BSU theatre education students gain hands-on experience with the help of Northside Middle School

David Hreno (left) and Megan Templeton (right) give actors notes and pointers during rehearsal April 3. They try to help the middle school cast envision the same interactions they are and give them the acting skills to express those interactions. Miguel Naranjo, DN
David Hreno (left) and Megan Templeton (right) give actors notes and pointers during rehearsal April 3. They try to help the middle school cast envision the same interactions they are and give them the acting skills to express those interactions. Miguel Naranjo, DN

Editor's Note: This story is part of The Partnership Project, a series of content written in an effort by The Daily News to follow the formal collaboration of Ball State University and Muncie Community Schools. Read more in this series here.

When David Hreno was in high school, he considered himself to be a shy person, finding it difficult to socialize and make friends with his peers, he said. 

When he started participating in theatre, however, he was immediately immersed in the novel experience and felt like part of the group.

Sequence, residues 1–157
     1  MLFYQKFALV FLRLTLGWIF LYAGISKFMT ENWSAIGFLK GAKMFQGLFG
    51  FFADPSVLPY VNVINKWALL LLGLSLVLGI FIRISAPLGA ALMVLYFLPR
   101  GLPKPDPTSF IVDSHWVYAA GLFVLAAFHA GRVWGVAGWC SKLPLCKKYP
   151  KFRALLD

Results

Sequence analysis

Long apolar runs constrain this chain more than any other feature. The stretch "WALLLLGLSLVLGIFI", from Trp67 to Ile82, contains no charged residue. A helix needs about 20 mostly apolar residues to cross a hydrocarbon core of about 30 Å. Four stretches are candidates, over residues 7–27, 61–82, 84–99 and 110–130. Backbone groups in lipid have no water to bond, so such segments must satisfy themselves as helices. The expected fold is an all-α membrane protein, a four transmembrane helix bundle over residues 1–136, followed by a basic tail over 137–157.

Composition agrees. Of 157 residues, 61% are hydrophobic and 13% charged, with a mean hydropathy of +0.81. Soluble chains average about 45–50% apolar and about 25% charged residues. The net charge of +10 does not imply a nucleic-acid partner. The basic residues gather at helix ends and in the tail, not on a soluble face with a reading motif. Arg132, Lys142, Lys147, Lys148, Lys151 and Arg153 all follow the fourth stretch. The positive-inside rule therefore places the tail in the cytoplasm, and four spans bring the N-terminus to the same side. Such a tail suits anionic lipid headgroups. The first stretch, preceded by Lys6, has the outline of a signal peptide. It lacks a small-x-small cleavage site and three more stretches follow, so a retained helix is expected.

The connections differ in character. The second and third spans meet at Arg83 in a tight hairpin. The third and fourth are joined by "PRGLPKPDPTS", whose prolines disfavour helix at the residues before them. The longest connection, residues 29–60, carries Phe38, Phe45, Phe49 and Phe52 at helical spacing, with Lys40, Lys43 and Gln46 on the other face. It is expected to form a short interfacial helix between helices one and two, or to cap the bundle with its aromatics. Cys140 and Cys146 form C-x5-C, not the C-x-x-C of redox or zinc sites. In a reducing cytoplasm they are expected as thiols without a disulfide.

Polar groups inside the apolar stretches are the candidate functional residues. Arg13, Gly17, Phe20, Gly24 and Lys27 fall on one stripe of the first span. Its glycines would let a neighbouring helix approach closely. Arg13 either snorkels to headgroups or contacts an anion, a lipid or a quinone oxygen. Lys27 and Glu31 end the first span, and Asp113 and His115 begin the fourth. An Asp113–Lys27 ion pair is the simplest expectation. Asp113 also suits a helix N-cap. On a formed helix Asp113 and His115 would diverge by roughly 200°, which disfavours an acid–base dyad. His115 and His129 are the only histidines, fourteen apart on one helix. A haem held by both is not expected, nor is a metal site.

Now, as a third-year theatre education major, Hreno wears the hat of director for a group of middle schoolers at Northside Middle School, putting on his own shows. Alongside Megan Templeton, third-year theatre education major, the two are doing the same thing for the Northside students: building a community for them to thrive in.

Ball State theatre education students (THEDs) fulfill their primary practicum with the support of MCS schools surrounding Ball State University. In the case of Hreno and Templeton, their practicum is fulfilled by co-directing the spring show at Northside.

The Northside spring show this year is “The Adventures of Stuart Little,” a theatrical adaptation of the children’s book by E.B. White. It follows the titular character through his youth and adolescence making friends, avoiding the family cat and adapting to life in New York as a 2-inch-tall mouse.